Can I cast Passwall under an enemy to drop them into a 20-foot pit?

If so, does said enemy get any saving throw to avoid the effect?

  • 3
    \$\begingroup\$ @ThisIsMe Please do not answer in the comments. Comments are only for asking for clarification or suggesting improvement to the question. Anything suggesting solutions to the question need to go into an answer. See here for our policy. Thanks! (Also there is no such spell in 5e, you are likely thinking of an earlier edition). \$\endgroup\$ Commented Apr 16, 2019 at 14:54

4 Answers 4


This technically works, but they're safely ejected after an hour

The passwall spell description says:

A passage appears at a point of your choice that you can see on a wooden, plaster, or stone surface (such as a wall, a ceiling, or a floor) within range, and lasts for the duration. You choose the opening's dimensions: up to 5 feet wide, 8 feet tall, and 20 feet deep. The passage creates no instability in a structure surrounding it.

When the opening disappears, any creatures or objects still in the passage created by the spell are safely ejected to an unoccupied space nearest to the surface on which you cast the spell.

The spell description does state that a floor is a valid target, as long as it's a wooden, plaster, or stone surface. And as you note, the passage can be up to 5 feet in one dimension, 8 feet in the other, and 20 feet deep - so it can create a pit that's 20 feet deep.

The spell doesn't specify whether any enemy standing on such a floor gets a saving throw to avoid falling... So if spells do what they say they do, the creature arguably falls instantly without a saving throw (assuming they aren't flying or hovering). Of course, the spell doesn't address this possibility specifically, so a DM could easily house-rule otherwise.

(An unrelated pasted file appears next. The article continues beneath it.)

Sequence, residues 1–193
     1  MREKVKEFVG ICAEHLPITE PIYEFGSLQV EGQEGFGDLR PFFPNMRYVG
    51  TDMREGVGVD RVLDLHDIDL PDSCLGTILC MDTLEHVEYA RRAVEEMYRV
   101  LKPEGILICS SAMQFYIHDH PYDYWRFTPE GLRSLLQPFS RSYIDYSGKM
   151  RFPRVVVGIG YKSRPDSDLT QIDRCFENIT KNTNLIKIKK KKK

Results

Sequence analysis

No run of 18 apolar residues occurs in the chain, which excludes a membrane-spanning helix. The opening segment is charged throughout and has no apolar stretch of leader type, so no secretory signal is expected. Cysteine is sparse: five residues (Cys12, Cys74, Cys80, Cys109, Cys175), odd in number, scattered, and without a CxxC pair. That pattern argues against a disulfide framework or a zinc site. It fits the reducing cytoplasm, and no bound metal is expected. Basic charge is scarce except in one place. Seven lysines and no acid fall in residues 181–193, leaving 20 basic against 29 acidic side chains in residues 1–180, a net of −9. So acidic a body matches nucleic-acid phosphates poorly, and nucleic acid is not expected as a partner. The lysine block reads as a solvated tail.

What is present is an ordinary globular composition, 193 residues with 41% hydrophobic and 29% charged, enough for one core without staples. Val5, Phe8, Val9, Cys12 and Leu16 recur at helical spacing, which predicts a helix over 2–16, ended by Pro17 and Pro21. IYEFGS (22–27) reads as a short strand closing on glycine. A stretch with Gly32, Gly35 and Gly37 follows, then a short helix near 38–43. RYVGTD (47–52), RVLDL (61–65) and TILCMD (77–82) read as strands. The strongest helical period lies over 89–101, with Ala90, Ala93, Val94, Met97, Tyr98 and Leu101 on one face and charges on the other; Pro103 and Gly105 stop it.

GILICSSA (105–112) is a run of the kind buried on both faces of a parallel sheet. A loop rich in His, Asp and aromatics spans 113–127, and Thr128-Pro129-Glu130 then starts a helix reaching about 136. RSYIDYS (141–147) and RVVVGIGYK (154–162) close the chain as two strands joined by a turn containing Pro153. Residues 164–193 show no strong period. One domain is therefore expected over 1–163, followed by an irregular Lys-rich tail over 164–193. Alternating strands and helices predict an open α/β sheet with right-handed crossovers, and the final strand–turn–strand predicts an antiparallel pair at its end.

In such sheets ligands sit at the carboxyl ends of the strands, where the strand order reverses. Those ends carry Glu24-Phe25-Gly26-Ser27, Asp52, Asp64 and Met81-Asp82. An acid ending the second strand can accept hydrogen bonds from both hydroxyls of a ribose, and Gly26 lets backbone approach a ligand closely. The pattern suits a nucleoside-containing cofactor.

However, this can't be used to permanently trap the enemy that falls in; after an hour (the spell's duration), as the description states, any creature still in the passage is safely ejected to an unoccupied space near the surface on which the spell was cast (so, the floor above) and the passage goes away. Thus, while the spell could inconvenience the enemy for up to an hour, they are free to do as they wish afterwards. The only way to trap them like this would be to cast it such that they fall into an enclosed space 20 feet or less beneath the floor.

  • \$\begingroup\$ Comments are not for extended discussion; this conversation has been moved to chat. \$\endgroup\$
    – mxyzplk
    Commented Apr 17, 2019 at 3:08
  • \$\begingroup\$ Or dump acid into the temporary pit. \$\endgroup\$
    – CrimRei
    Commented Jan 4, 2020 at 20:10

Yes, I think that Passwall could be used to tunnel or dig into a space that doesn't reach an opening on the other side (ie. hillside or ground).

However, 20 feet of falling damage to one or two opponents may not be the most effective use of the spell. They may be able to climb out or escape relatively quickly and the one hour duration will eventually return them harmlessly to the surface.

Depending on your environment, such as in a castle or fortress for example, you don't need to make a 20 foot pit. If you're not on the bottom level, you could essentially remove a 5x20 or 8x20 section of a hallway floor (only 8 or 5 feet deep, thicker than the floor should be), dropping your opponents to the level below and then end the spell effect, restoring the floor/ceiling above them.

This application may not damage or immobilize your targets, but it should at least remove them from combat until they are able to find you again.


Spells do what they say, no more, no less.

The passage created by Passwall is

No more than 8 feet tall

The spell reads:

You choose the opening's dimensions: up to 5 feet wide, 8 feet tall, and 20 feet deep

These are restrictions on the passage. For normal use, the height of a passwall tunnel and its depth are in different direction.

For a "pit", depth and height end up aligning.

When you build one going down, both the depth and the height are restrictions on how far down it can go.

Similarly, the width is limited to 5'; so you can use passwall to create a 5' by 5' by 8' pit.